Here's a fact we can all agree on: There should be strict age restrictions on social media. Not for the young, but for the old. Our parents and grandparents grew up in a different world, where they only ever had to socialize with their immediate family and three personal friends. They were never taught that nobody wants to see 121 photos of them baking bread. They don't understand that it's not OK to repost fake right-wing conspiracy theories about immigrants to hundreds of people.
Because I'm always on the lookout for new and exciting ways to humble myself, I decided to surrender complete administrative control of my Facebook profile to one of these old people: my dad.
A note on what I'm normally like on Facebook: I like to think of myself as a "thoughtful observer"—a silent lurker, sprinkling likes here and there to the lucky few who truly deserve them. I very rarely post anything, but when I do, I worry over every detail.
I wouldn't say my father is the exact opposite, but he certainly adopts a more liberal approach when it comes to deciding which irrelevant detail of his everyday life should be shared with the rest of the world. One thing that I hoped would work in my favor is that my father is actually cool. He was a record producer in the 80s, working with artists like Whitney Houston and Donna Summer, and once he even let me interview him about his sex life.
Suffice to say, I was completely wrong.
Dad kicks things off by heading straight for my photos. He decides that I need a new profile picture, swapping my old one for a picture of me as an adorable, innocent toddler. Imagine the moment your parents bring out the family photo album to show your new girlfriend, only this time they are presenting it to the entire world. Dad shows some impressive tech savviness by commenting on a few posts himself so as not to give the game away.
After a few hours, I have already posted more than I have in the past few months combined. Surprisingly, no one questions the sudden increased volume of posts on my profile. Most of my friends seem unmoved by my new approach.
On day two of his new job as my personal social media editor, my father chooses a quantity-over-quality strategy. I am actively sharing terrible motivational quotes, the strangest articles the internet has to offer, and checking into various public parks in the middle of the work day.
A Pokémon Go career I'd otherwise taken steps to keep somewhat discreet is exposed to the world.
He fills my timeline with nonstop likes, spam posts, and #meaningless #hashtags. He takes every quiz ever created and shares the results for all to see. In the evening, he decides I need a new cover photo—something that expresses who he thinks I truly am:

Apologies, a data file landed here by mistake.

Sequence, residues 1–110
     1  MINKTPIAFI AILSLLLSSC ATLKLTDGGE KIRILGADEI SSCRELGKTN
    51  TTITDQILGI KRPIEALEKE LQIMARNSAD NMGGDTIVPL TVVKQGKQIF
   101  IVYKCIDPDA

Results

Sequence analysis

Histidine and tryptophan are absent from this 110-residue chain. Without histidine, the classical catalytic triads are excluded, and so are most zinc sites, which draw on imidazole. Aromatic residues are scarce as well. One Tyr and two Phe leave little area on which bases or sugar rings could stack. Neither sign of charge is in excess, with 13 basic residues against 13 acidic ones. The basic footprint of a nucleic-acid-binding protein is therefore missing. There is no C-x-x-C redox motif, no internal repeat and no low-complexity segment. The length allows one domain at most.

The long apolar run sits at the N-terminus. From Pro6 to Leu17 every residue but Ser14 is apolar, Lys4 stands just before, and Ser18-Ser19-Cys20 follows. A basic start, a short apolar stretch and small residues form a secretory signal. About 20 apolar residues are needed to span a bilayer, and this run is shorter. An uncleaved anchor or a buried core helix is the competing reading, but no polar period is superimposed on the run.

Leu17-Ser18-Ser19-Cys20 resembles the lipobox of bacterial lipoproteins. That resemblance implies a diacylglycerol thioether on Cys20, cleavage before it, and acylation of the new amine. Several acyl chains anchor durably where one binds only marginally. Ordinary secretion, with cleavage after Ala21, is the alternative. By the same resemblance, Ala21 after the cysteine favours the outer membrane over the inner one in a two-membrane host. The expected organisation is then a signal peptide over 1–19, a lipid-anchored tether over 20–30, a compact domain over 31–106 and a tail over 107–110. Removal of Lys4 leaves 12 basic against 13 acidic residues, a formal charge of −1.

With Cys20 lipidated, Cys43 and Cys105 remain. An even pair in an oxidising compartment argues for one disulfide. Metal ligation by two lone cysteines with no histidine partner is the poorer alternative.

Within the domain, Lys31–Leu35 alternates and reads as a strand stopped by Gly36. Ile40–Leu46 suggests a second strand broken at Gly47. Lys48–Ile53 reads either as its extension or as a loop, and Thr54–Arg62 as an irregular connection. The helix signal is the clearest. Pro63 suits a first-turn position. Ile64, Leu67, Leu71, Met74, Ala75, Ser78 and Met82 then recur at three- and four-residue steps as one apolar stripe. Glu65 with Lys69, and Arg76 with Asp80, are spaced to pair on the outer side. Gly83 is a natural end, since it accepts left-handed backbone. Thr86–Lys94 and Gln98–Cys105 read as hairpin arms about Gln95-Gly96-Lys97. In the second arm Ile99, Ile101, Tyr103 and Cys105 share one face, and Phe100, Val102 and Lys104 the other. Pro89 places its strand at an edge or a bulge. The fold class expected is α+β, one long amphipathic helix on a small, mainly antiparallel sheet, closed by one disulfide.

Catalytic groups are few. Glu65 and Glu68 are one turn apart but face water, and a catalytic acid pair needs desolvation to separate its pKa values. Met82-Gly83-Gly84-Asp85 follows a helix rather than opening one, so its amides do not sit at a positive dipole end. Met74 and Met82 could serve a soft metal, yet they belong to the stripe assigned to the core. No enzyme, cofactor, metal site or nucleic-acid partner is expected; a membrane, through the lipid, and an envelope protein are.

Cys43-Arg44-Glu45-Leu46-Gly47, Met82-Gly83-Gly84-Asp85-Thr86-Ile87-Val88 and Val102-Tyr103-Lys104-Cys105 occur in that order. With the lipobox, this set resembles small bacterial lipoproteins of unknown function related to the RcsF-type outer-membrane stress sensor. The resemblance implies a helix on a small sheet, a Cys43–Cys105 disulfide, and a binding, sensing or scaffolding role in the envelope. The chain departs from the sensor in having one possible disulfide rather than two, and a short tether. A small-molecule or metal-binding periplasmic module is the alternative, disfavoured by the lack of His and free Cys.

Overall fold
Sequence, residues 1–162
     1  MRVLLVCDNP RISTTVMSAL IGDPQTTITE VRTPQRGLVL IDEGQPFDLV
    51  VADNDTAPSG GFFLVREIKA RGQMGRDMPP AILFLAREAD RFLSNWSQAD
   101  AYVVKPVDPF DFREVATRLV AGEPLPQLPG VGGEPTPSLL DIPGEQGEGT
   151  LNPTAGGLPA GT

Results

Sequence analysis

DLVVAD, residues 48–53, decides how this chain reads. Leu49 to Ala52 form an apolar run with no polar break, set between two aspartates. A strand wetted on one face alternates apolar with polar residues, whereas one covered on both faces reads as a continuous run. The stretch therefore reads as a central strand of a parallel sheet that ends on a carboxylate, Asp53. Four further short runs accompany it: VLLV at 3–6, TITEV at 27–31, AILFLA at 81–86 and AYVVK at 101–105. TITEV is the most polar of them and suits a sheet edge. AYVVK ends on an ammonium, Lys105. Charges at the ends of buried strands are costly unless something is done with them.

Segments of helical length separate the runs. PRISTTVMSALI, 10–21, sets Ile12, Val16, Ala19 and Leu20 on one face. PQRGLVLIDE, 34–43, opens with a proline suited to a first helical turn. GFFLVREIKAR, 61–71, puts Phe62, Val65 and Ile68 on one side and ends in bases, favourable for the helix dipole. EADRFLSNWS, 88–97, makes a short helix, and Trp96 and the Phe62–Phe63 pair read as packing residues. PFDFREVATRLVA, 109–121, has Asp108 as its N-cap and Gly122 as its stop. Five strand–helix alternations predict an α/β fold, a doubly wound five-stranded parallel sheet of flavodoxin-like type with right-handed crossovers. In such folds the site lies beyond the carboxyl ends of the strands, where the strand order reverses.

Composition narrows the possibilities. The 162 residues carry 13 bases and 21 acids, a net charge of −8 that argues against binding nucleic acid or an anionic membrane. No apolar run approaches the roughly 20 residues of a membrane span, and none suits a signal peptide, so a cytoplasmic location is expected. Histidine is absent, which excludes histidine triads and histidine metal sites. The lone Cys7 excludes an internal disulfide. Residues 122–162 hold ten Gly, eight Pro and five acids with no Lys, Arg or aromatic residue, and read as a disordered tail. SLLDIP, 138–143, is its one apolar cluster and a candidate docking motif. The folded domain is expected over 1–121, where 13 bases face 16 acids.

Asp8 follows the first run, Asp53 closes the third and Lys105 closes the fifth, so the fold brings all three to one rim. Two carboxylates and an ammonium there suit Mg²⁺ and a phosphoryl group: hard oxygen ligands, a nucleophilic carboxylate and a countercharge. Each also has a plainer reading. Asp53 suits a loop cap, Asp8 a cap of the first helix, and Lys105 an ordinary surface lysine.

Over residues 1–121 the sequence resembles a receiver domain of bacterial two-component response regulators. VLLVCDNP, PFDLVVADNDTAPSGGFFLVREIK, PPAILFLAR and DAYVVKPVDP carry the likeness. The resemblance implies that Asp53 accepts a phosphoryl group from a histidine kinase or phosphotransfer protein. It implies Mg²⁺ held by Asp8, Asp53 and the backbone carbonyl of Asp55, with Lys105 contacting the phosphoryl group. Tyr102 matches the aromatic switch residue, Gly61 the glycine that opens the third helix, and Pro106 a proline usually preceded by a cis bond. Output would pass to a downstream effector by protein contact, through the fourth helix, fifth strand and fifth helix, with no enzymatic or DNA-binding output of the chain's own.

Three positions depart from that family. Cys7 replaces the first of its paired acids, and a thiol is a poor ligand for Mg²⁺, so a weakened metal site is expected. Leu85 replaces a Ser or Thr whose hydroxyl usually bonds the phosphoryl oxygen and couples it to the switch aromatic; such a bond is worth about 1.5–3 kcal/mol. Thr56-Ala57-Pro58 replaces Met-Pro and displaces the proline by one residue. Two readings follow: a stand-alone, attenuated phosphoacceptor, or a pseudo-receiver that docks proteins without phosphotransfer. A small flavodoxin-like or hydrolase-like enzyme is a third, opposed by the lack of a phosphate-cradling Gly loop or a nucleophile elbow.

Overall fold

My sudden Facebook awakening is entertaining for those who haven't heard from me in years, while close friends try desperately to block the endless stream of nonsense that is my timeline.
I can't walk around the office without being stopped by shocked colleagues.
"Is this the new you?" one asks. "This has gone too far," another declares.
Day three does offer a pleasant surprise: My dad's thirst for fresh content leads him to discover an obscure treasure trove of old photos I have completely forgotten about, suddenly filling me with warm memories.
Day four brings with it a third profile picture—this time a rare gift from my slightly more rounded face phase of high school.
Later, my dad achieves his greatest success to date: He shares a "what is your rapper name" quiz that attracts the widest, most diverse range of people my friend list has to offer—from my boss's boss to my grandmother.
The post attracts more than 25 comments, the largest response in the history of my Facebook career. I don't know whether I should be celebrating the new-found attention or worrying that my friends seem to like the dad version of my online self better than the real one.
By day five, my father has fully found both his voice and confidence. High on power, he starts sending out friend requests to strangers. Later in the day, he updates my status with a picture of himself at my age, while hyping the music duo Sleaford Mods gig I would be attending the next day.
On the sixth day, it dawns on me that my father's antics must have reached every single one of the hundreds of Facebook "friends" I've made through the years. Some are still curious, most are accepting, but others are growing increasingly frustrated:
For the first time, I notice that I'm starting to lose followers.
There is no rest on the seventh day. Dad, fully aware this is his final day in charge, starts early. The theme for the day is nostalgia, with a focus on baby pictures with my siblings, and "I love my dad" status updates. These are all things I legitimately do feel, but would never widely share without any sort of provocation.
Surprisingly, he takes a sudden break from the deep dive into my childhood to send out a storm of "Pokes" that I could've easily lived without—also confirming the function does in fact still exist, for reasons unknown.
Eventually, the experiment did, finally, come to an end, and I regained full control of my Facebook profile, though not before my dad sent out one final new profile picture:
Giving my dad executive control over my Facebook profile for a week felt like I had brought him into every single relationship I have ever had—significant or otherwise. And though I wouldn't recommend that you also try it, I do sense that my friends now have a deeper understanding of who I am.
So has this all been disaster? Absolutely. Has it done irreparable damage to several of my personal relationships? Undoubtedly. Should Poking someone in 2017 be considered a mildly passive aggressive form of harassment? Deep down, you already know the answer.